Assessing Rowley administration

Dr Kenwyn Taylor -
Dr Kenwyn Taylor -


THE TERM of the Rowley-led government is near to an end and it would be interesting to do an assessment of the management of the affairs of the country. If one takes into account the political beast in the form of party identification primarily driven by one’s ethnic and cultural identity in Trinidad that strides through our society, a truly objective response has to be based on empirical data.

When the Rowley-led administration took office the country was just shifting out of a period of high oil prices. The price of oil in 2014 was US$93.17 a barrel. The annual percentage change in 2015 was -30.53 per cent and by 2016 the average closing price was US$43.29, less than half of the 2014 price.

From early on, the Government was being urged to adopt a structural adjustment programme with the Washington-based International Monetary Fund (IMF). The Government refused to take that route in spite of the concerns about the country’s economy. The IMF, however, was essentially supportive of the Government’s initial policy response, praising it for measures such as widening the tax base, cutting fuel subsidies and pushing government ministries, state enterprises and statutory bodies to reduce spending.

The result was that with some improvement driven by the re-energised energy sector, the economy returned to positive growth in the last quarter of 2017. The IMF in its report on the state of the economy at the end of 2017 noted that in TT “good progress was being made in implementing fiscal consolidation following the 6.1 per cent drop in 2016 driven by energy sector shocks.”

Additionally, Moody's Investors Service which had downgraded TT’s economic ratings to Baa3 from Baa2 and assigned a negative outlook based on the key drivers of the economy in 2016 was able to change that characterisation in 2018. Its 2018 report noted that there was evidence of institutional strength and the emergence of a credible fiscal and economic policy response from the Government to the crisis faced in 2016.

Another important policy decision was the restructuring of Petrotrin into Trinidad Petroleum. This was designed with strict fiscal accountability in mind and framed within the context of what seemed to be best for the country in the short term, medium term and long term. It prevented a potentially hazardous fiscal situation from developing by reversing the previous trend where Petrotrin was a drag on the fiscal accounts. The newly restructured company was able to secure financing for its activities.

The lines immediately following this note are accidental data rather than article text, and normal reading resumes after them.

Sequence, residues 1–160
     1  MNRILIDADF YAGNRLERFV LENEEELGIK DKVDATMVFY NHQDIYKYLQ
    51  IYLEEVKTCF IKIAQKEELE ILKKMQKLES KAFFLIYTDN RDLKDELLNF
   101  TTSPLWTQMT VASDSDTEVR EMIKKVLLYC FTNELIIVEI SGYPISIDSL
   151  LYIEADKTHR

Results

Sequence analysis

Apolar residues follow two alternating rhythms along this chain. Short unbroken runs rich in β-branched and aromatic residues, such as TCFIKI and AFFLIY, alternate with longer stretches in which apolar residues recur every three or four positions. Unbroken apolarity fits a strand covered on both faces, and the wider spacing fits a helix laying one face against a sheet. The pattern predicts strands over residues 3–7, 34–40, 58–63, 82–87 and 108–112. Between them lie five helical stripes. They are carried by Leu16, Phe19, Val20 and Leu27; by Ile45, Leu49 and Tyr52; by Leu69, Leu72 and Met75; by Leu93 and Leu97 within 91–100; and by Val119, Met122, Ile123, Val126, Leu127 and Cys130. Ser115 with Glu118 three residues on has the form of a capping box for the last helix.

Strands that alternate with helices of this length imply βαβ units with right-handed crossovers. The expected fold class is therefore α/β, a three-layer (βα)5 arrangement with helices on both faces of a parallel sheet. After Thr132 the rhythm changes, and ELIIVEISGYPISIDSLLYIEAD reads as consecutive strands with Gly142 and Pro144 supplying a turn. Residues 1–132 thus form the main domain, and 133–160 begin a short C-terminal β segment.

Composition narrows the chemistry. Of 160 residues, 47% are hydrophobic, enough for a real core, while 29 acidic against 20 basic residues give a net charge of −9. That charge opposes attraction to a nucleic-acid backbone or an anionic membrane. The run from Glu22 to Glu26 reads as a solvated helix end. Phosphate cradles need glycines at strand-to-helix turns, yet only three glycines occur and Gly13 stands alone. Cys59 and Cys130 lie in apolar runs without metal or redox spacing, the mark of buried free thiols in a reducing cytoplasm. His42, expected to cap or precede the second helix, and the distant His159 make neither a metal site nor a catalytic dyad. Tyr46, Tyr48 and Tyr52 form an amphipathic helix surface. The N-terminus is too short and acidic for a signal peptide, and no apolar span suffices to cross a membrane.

The actions of the Prime Minister within the last five years were all framed within the limits afforded him by the constitution and more importantly within the boundaries that the economy allowed. They were all guided by the desire to protect critical interests and to make decisions that would show concern for public value outcomes as the successful management of the covid19 crisis clearly showed.

Crisis management in the context of the covid19 pandemic required an effort built around prevention, preparedness, quick response, and reconstruction of the economy. There was consensus that given the severity of covid19 the Government had to act early and act fast to get leverage over the pandemic. With the advice and overall support from the local scientific community the Government acted quickly and decisively to get the massive leverage over the pandemic to keep the entire community, both young and old, as safe as possible.

As early as January, citizens were warned about visiting high-risk countries and individuals who visited China were banned from entering the country. Within six weeks, the cruise season was suspended and people were advised to socially distance and the gradual lockdown began. Schools were closed and ten days later all ports of entry were shut.

The effort was recognised by the Oxford Covid19 Government Response Tracker which listed Trinidad as the country best positioned to successfully combat the virus and then later listed by the university as the most prepared country in the world to lift its covid19 lockdown measures.

Importantly as well was the quick response to the economic fallout. The Ministry of Finance and the Ministry of Social Development began to provide immediate relief to individuals who were adversely affected and committees were established to address the short-term, medium-term and long-term economic issues.

Much more can be said about the governance of the Rowley administration during its tenure in office. It was able to complete several infrastructural projects and more importantly save substantial sums of money on other projects proposed by the former administration. It is also now in pursuit of taxpayers’ money that was misappropriated during the period 2010 to 2015.

Dr Rowley’s leadership, social entrepreneurial effort and economic management during his tenure in office reflect a collaborative effort to address major issues. Managing this society demanded a crafty and skilful communicative effort which is always difficult to exercise in a democratic society quite unlike what took place in an illiberal democratic country as Singapore, which, under the leadership of the autocrat Lee Kuan Yew, was forcefully fashioned into what it has become today.

In 2015 the country was in crisis and the Rowley-led administration was able to develop policy solutions through a problem-focused intervention and interaction with relevant and affected actors. My conclusion is that the PNM deserves another term in office.

Dr Kenwyn Taylor is a lecturer in political science at the UWI St Augustine


"Assessing Rowley administration"

More in this section